Hello and welcome to ‘The Twelve Games of Christmas’, a highlight reel of some of my (Dann Sullivan, Editor-in-Chief) favourite games of 2017. As regular readers will know, we’re extremely eclectic in our tastes here at B3; hopefully these little suggestions, essentially recommendations, will match that. Enjoy!
Bomber Crew, from Runner Duck, launched back in October of this year, and, as it turned out, there was a massive gap in the market for cartoony crew-management games just waiting for it to fill.
It’s hard not to talk about Bomber Crew by measuring it up against the likes of Cannon Fodder and FTL; it channels the team management and station system of the latter but with a lot more depth and purpose. It’s all wrapped up in the former’s nonchalant art style, which adds a cartoon façade to historical settings — both Sensible and Runner Duck were well aware that this walked a fine line between representative and disrespectful.
Bomber Crew walks a fine line in balancing tasks at hand with threats — even on easier missions there’s always a shortage of times for things to be done optimally. As the equipment available improves, the mission difficulty continues to ramp, ensuring that you’re specialising to persist, rather than ‘getting better’ against an intermittently twisted difficulty dial.
Much like both of the previously mentioned titles, Bomber Crew‘s Lancaster crew members are almost blank palettes when they join your team, and yet grow to be much more. Differences in design are purely aesthetic and once they’re padded up, or armoured out depending on your intuition, there’s little to tell them apart other than their roles on the plane, the gear you’ve clad them in and their names. But you will remember their names, and not just because of the skills they’ve acquired during their flights, or the enemies they faced down, but through the battles you narrowly scraped with them, or the time they stopped the whole plane from going up in flames.
That said, it really does hurt when you lose a specialist. Each character unlocks abilities which tie into their role on the plane, basically tied to their station. If your pilot cops a few too many bullets then you can put the radio operator in his seat and even land, but when you arrive back at base the person who steps up to the mark is green through the door. You can clad them in the gear of their fallen predecessor (not literally, ew) but until they see a few missions you’re far from full capacity. This is much more comparable to XCOM’s classes than Cannon Fodder’s ‘fires faster when left idle as they rank’, however unlike XCOM, you can’t train up replacements by swapping around crew between missions — a crying shame, too.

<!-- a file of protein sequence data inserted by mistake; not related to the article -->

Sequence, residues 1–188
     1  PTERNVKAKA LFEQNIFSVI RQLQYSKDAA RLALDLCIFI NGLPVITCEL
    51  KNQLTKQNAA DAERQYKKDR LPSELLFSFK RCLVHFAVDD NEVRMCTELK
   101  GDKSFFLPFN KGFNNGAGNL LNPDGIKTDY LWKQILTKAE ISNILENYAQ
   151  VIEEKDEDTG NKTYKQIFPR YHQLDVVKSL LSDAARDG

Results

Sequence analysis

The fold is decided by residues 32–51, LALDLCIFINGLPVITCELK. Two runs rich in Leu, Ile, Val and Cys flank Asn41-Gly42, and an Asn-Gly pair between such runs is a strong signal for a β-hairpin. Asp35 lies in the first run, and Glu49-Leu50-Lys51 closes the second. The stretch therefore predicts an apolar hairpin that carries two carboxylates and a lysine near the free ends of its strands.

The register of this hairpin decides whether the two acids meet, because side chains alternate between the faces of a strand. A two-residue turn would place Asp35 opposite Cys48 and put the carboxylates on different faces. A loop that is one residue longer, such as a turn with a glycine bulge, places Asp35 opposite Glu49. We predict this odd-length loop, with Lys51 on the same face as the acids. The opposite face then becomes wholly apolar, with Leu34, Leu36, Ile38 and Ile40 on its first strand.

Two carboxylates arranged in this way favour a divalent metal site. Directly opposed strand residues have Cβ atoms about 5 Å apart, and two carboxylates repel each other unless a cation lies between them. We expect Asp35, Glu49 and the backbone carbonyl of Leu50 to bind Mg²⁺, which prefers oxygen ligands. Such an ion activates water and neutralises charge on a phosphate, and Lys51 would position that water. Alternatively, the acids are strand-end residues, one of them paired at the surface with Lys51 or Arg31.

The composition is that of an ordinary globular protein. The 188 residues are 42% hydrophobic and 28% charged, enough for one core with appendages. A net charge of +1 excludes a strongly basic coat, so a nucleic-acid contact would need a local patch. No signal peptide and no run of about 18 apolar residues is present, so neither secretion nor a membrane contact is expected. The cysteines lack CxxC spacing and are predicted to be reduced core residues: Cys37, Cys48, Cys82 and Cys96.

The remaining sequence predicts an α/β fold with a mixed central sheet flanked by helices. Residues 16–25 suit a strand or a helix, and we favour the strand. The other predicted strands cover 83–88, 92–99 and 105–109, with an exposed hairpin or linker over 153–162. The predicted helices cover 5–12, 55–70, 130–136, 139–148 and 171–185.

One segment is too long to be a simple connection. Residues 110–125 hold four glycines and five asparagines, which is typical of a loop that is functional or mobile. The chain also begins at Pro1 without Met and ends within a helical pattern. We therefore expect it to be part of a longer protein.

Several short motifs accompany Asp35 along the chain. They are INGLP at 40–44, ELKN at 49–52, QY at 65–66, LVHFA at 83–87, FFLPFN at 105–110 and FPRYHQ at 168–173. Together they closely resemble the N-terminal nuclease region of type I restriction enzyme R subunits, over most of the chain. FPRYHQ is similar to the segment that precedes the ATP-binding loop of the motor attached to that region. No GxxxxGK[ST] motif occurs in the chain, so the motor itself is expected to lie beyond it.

It’s tense, it’s unforgiving, and at times it’s damn near unrelenting, not least because it’s all real-time. That said, there is now a slow-time feature, which docks points but ups survival rates. Loathe as I was to use it, as I normally play tactical and strategic games to great success due to turn-based games giving time to deliberate, and many others featuring one-button pause commands, I did use it, and it did give me enough of an edge to get back my team on the harder, landmark critical missions which play gatekeeper between batches of missions.
Bomber Crew will be remembered for its difficulty even though the game doesn’t have a fail state, and that’s absolutely fine, because the subject matter that it touches on was a far from easy topic. Runner Duck have made a good ‘un here, one to look into if you like a challenge and enjoy crew management or simulation games.